[Haskell-cafe] DSLs with {in,}equalities

Andrew Wagner wagner.andrew at gmail.com
Tue Mar 3 12:25:12 EST 2009

Not to hijack the thread, but I thought I was the only one that used unix
notation for statements like {in,}equalities. I like it!

On Mon, Mar 2, 2009 at 11:13 PM, Andrew Hunter <ahunter at cs.hmc.edu> wrote:

> Several times now I've had to define an EDSL for working with
> (vaguely) numeric expressions.  For stuff like 2*X+Y, this is easy,
> looking pretty much like:
> > data Expr = Const Integer | Plus Expr Expr | Times Expr Expr
> >
> > instance Num Expr where
> > fromInterger = Const
> > (+) = Plus
> > (*) = Times
> &c.  This lets me get a perfectly nice AST, which is what I want.
> When I want to be able to express and work with inequalities and
> equalities, this breaks.  Suppose I want to write 2*X + Y < 3.  I
> either have to:
> a) Hide Prelude.(<) and define a simple < that builds the AST term I want.
> b) Come up with a new symbol for it that doesn't look totally awful.
> Neither of these work decently well.  Hiding Eq and Ord operators,
> which is what I effectively have to do for a), is pretty much a
> nonstarter--we'll have to use them too much for that to be practical.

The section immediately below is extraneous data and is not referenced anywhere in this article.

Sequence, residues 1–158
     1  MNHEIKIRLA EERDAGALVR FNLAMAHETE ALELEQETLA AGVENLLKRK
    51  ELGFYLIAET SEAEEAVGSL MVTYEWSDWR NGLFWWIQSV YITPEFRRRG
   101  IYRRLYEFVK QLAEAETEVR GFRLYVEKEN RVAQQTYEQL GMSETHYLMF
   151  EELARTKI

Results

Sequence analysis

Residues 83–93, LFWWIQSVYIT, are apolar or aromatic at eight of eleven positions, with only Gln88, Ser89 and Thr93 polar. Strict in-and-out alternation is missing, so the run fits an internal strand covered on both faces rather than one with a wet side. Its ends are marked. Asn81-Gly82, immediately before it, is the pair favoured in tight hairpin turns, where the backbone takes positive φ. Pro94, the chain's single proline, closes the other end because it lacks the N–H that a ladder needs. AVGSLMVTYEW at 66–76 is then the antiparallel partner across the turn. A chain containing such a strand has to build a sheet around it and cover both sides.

> On the other hand, b) works...but is about as ugly as it gets.  We
> have lots and lots of symbols that are already taken for important
> purposes that are syntactically "near" <,<=,==, and the like: << and
> >> and >>= for monads, >>> for arrows, etc.  There...are not good
> choices that I know of for the symbols that don't defeat the purpose
> of making a nice clean EDSL for expressions; I might as well use 3*X +
> Y `lessthan` 3, which is just not cool.
> Does anyone know of a good solution, here?  Are there good
> substitutions for all the six operators that are important
> (<,>,>=,<=,==,/=), that are close enough to be pretty-looking but not
> used for other important modules?
> Better yet, though a little harder, is there a nice type trick I'm not
> thinking of?  This works for Num methods but not for Ord methods
> because:
> (+) :: (Num a) => a -> a -> a
> (<) :: (Ord a) => a -> a -> Bool
> i.e. the return type of comparisons is totally fixed.  I don't suppose
> there's a good way to...well, I don't know what the *right* answer is,
> but maybe define a new typeclass with a more flexible type for < that
> lets both standard types return Bool and my expressions return Expr?
> Any good solution would be appreciated.
> Thanks,
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